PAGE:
First, “mucking about” seems tendentious, and I don’t see why an ID proponent need think of it in those terms. Second, how does your reasoning not prove too much, not generalize to specially revealed miracles (whether or not they are construed as lawful)? For example, consider the eschaton, and suppose that it will be a radical transformation of the created order that occurs in a relatively short amount of time. (This is a plausible interpretation of the christian doctrine). Would not you have to say, by the same reasoning: “On this doctrine, God is mucking about [in performing the transformation] to get the outcome right, instead of just making a world that got the outcome right in the first place [e.g., by having a natural law that gradually transitioned the created order into the transformed state; or, perhaps, by just creating in the first place a universe with the basic character that the transformed state will have]”.
    Just as one might complain about a “jump” in evolutionary history, one might complain about a jump at the eschaton. If the latter kind of jump is “lawful” (despite appearing not to be) why not the former (despite appearances)? If the latter kind of jump is “unlawful,” why should the Christian presume, given his belief that such a jump will occur, that God would not ordain an “unlawful” jump in evolutionary history too?

    According to your view, why does God do this?

    My main point is that the christian has excellent reason (God’s testimony) to think God will bring about a “jump,” and hence has a defeater for presuming that God has not performed “jumps” in the past that are not communicated to us in special revelation – regardless of whether one can identify a reason for why God would do this.
    But some potential reasons come to mind: to provide evidence for His existence, to provide a special kind of evidence for His existence not provided by the ostensibly more “orderly” aspects of his sovereignty over creation, for aesthetic reasons (perhaps God values a kind of world punctuated by certain ostensibly unpredictable and anomalous events more highly than a world with more “monotonous” natural events). The evidential reasons would be more applicable in the case of ID (and not the eschaton), whereas both the putative ID cases and something like the eschaton could fall under aesthetic factors. I think it’s plausible that God values both smooth, orderly transitions, as well as punctiliar, sudden transitions. God made man in His image, to follow His sabbatarian pattern of work followed by sabbath rest; and the unfolding of this process in redemptive history (a movement from created glory to consummate glory in an “upgraded” heavens and earth) seems to involve both gradualistic and punctiliar aspects.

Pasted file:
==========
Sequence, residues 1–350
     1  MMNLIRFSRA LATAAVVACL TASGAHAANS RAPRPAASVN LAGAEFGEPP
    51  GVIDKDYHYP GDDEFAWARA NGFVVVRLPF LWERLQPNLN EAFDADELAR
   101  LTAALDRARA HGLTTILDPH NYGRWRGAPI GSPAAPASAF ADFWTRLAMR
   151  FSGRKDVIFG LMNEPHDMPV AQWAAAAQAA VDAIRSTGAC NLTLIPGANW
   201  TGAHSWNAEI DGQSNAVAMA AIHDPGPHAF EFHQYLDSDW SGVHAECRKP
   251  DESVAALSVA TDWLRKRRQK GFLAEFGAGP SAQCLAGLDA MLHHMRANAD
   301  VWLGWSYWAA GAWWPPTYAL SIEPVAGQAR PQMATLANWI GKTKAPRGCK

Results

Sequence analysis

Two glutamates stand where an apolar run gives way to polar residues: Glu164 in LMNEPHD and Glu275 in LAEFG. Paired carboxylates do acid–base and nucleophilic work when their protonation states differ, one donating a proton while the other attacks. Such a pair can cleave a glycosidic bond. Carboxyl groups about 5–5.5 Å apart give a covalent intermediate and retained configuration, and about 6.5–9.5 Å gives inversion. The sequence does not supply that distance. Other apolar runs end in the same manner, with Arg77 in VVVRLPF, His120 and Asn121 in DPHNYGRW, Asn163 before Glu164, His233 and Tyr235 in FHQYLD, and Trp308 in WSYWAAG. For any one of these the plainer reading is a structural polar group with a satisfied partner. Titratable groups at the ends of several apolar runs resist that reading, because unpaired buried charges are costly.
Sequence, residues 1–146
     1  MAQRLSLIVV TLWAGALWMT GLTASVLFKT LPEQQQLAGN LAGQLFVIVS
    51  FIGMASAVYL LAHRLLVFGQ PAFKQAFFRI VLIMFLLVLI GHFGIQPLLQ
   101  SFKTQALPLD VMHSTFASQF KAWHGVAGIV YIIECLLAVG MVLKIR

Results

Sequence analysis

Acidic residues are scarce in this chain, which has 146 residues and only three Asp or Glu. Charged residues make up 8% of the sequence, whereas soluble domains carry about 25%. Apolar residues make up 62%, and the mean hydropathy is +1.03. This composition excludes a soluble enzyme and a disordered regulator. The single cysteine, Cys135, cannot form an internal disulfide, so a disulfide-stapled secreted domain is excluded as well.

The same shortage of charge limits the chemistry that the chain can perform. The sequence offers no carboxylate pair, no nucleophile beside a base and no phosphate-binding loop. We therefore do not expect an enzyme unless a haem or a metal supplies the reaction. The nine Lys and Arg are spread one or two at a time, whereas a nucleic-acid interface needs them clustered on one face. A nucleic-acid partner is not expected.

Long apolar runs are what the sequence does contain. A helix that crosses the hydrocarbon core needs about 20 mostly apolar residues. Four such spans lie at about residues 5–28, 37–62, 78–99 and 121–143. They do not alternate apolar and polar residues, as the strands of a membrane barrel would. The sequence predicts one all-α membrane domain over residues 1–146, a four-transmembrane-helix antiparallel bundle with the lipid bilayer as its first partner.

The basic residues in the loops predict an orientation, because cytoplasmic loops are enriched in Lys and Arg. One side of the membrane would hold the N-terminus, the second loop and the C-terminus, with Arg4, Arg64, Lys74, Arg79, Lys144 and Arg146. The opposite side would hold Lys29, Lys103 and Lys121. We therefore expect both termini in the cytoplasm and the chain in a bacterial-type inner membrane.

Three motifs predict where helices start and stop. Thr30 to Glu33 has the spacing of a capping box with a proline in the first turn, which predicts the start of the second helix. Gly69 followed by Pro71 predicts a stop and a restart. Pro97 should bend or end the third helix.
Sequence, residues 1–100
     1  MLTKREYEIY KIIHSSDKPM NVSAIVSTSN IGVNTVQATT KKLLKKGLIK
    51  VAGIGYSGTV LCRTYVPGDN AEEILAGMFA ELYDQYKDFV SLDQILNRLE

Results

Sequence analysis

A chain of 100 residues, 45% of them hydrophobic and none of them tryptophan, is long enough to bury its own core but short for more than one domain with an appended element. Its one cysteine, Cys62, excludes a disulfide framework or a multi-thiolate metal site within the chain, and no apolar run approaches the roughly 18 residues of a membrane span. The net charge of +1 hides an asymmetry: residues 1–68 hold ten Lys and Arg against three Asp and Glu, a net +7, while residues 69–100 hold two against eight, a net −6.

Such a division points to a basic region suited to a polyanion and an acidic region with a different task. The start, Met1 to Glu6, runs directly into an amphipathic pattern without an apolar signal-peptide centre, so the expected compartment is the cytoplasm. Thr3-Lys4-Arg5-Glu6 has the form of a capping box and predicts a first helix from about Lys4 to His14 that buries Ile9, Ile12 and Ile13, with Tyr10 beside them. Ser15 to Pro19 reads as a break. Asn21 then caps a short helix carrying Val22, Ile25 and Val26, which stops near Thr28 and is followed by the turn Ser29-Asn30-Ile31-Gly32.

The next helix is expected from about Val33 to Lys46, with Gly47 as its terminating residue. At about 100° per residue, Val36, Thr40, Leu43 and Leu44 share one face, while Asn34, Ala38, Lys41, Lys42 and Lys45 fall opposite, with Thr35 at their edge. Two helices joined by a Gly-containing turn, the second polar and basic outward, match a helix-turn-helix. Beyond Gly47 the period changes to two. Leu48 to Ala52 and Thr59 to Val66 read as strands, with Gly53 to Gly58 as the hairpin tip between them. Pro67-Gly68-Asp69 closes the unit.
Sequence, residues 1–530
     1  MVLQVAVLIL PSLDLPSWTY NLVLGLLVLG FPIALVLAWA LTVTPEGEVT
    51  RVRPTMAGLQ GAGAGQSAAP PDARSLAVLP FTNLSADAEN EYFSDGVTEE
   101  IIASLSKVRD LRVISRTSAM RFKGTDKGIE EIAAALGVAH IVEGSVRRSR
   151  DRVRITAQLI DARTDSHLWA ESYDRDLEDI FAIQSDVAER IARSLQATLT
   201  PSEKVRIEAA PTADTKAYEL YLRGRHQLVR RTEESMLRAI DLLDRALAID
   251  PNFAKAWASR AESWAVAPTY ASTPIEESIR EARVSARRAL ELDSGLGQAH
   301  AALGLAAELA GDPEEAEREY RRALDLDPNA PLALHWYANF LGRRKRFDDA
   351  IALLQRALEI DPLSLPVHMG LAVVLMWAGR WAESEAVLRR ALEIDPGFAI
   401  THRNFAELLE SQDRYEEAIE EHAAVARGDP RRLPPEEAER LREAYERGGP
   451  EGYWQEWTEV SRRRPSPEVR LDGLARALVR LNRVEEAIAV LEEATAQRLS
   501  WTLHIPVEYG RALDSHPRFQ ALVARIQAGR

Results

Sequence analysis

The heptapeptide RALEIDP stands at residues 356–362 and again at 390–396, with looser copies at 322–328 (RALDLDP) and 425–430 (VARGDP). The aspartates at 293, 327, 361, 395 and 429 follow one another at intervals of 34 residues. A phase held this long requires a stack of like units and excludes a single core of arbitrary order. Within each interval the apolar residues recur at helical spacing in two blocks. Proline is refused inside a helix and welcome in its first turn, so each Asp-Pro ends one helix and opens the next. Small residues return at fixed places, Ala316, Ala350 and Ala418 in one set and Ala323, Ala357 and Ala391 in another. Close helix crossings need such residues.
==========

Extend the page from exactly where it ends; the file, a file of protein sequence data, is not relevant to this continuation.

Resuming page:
Now, it is certainly true that God frequently does things for reasons we can’t understand. But here’s the thing: if there is some intelligence mucking about in evolutionary history then, based on what we know about God (e.g. that he designed the laws of nature and set up the initial conditions by himself, that he can foresee all the consequences of his actions, that he never changes his mind, etc.) it is far more likely that it’s someone else.

    I concede that evidence of an intelligence “mucking about” in history would confirm a demi-god hypothesis (make it more probable than it would be otherwise); but I don’t concede that such evidence would, in principle (things could shift in particular cases; e.g., if the mucking about were to involve inscriptions in the clouds of ‘I’m Zeus!’ etc.), disconfirm christian theism (make it less probable than it would be otherwise).

    October 5, 2010 — 12:02
  • Kenny Pearce